Poet Winifred Letts was ‘a rare species’
Members of the poets group at the ceremony in Rathcoole

Poet Winifred Letts was ‘a rare species’

A GROUP of local poets gathered in Rathcoole to mark the 140th anniversary of poet and playwright Winifred Letts in a wreath laying ceremony last week.

The ceremony took place at the Church of Ireland Cemetery on Main Street in Rathcoole on Thursday, February 10 to mark 140 years since Winifred’s birth. Organised by local historian Mervyn Ennis, the ceremony was the first time in fifty years that Winifred’s work was publicly acknowledged.

“I came across this poet while researching the Verchoyle family that once owned Citywest. It turns out that W.H.Verchoyle married Winifred Letts on the death of his first wife. She was the top first war poet in the 1914-18 war,” said Mervyn.

“She died in June 1972 and is sadly buried in an unmarked grave in Rathcoole.

“If successful and greater awareness of her life and work can be achieved, we would like this coming June, the 50th anniversary of her death, to honour her with a stone plaque at her grave.”

Winifred was born in Salford, Manchester, in 1882 to a clergyman, Ernest Letts, and an Irish mother, Isabel Mary Ferrier. She spent many childhood holidays in Knockmaroon, Chapelizod beside Phoenix Park. With deep Irish roots and sympathies, she was the second wife of local landlord Verchoyle in the Rathcoole/Saggart area. After her father’s death in 1904, she and her mother returned to Ireland, to a house called Dal Riada between Blackrock and Stillorgan, County Dublin.

Her writing career began in 1907 when she published two novels with her first collection of poetry, Songs from Leinster, published in 1913. Winifred went on to have two plays, The Eyes of the Blind (1906) and The Challenge (1909), accepted by the newly founded Abbey Theatre.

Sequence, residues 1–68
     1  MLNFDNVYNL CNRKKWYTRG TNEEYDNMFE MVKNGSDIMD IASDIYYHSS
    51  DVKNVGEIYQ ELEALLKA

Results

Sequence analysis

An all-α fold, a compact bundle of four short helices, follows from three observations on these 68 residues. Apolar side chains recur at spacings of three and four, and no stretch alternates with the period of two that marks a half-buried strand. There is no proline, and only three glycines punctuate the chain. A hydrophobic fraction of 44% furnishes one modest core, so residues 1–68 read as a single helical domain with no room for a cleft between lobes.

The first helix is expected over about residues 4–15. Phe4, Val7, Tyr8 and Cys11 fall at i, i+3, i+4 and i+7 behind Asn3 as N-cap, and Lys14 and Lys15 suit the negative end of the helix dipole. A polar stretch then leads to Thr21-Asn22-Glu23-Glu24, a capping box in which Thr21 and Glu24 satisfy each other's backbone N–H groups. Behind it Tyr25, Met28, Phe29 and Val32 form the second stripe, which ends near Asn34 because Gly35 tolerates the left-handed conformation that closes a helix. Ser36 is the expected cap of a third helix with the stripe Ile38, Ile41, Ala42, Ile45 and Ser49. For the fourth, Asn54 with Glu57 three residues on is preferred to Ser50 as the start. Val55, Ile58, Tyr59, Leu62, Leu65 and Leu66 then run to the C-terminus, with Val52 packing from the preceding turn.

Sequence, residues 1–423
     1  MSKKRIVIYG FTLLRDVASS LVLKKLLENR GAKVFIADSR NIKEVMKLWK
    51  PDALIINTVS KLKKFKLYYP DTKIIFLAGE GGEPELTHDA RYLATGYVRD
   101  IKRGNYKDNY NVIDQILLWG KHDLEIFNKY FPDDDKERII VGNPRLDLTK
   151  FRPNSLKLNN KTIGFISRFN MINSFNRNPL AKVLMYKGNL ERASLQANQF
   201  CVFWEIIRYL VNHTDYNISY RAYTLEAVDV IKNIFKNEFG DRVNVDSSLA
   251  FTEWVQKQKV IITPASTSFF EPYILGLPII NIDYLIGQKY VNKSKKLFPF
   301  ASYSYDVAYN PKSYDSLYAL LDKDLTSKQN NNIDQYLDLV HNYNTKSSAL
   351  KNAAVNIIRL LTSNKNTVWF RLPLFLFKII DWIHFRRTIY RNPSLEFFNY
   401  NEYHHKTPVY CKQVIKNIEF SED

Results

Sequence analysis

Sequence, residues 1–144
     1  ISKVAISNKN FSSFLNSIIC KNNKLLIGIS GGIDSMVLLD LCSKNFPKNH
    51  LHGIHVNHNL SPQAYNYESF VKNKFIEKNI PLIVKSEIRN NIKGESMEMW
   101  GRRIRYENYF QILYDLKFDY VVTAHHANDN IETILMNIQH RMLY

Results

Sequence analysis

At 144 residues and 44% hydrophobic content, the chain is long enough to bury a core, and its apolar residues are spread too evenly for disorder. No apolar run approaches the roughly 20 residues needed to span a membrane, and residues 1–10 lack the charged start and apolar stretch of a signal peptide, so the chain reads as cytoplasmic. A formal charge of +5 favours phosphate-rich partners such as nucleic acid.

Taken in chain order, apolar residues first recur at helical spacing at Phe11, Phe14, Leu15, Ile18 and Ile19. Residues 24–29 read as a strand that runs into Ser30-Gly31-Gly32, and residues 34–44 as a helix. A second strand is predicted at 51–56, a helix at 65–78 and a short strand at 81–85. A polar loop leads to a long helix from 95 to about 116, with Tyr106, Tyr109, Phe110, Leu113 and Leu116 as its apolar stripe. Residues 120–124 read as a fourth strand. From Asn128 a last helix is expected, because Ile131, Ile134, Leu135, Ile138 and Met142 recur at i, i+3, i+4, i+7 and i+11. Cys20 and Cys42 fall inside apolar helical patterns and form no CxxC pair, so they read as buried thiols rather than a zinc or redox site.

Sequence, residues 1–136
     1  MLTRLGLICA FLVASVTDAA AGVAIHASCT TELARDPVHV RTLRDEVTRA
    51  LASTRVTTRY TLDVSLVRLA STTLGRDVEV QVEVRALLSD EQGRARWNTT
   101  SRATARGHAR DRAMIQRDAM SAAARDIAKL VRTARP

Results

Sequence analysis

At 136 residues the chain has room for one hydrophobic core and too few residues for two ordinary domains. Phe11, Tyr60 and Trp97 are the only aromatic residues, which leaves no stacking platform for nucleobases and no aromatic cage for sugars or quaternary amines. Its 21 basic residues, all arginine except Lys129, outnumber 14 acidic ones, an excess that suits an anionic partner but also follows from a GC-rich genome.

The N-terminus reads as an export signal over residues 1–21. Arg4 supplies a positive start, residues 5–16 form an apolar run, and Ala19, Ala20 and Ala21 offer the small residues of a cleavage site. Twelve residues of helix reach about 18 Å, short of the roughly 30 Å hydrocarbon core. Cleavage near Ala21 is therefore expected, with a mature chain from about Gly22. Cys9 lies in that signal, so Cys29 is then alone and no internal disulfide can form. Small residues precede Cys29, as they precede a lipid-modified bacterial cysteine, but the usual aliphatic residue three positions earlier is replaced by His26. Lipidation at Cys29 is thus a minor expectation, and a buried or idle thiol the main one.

“In 1933 she produced a book for children, Knockmaroon, considered by many to be her best work,” Mervyn told The Echo.

“Winifred had self-deprecation humour and described herself as a ‘back door sort of bard’. In an Irish Times interview in 1957 she described herself as ‘a period piece, a has-been, totally unknown to her generation’. Some years later in an interview with Maeve Binchy she opined that ‘the only reason she is interesting was that she knew so many people Ireland cared about’. Unlick O’Connor described her as ‘a rare species, a true poet’.

“As next year is the 50th anniversary of her death, it would be lovely to be able to recognise, in a public way, her contribution to literature and life,” said Mervyn.

“She seemed to have been totally forgotten by literary circles since her death, but her WW1 poetry brought her back to well-deserved prominence in recent years principally on the work and effort of Bairbre O Hogan.”

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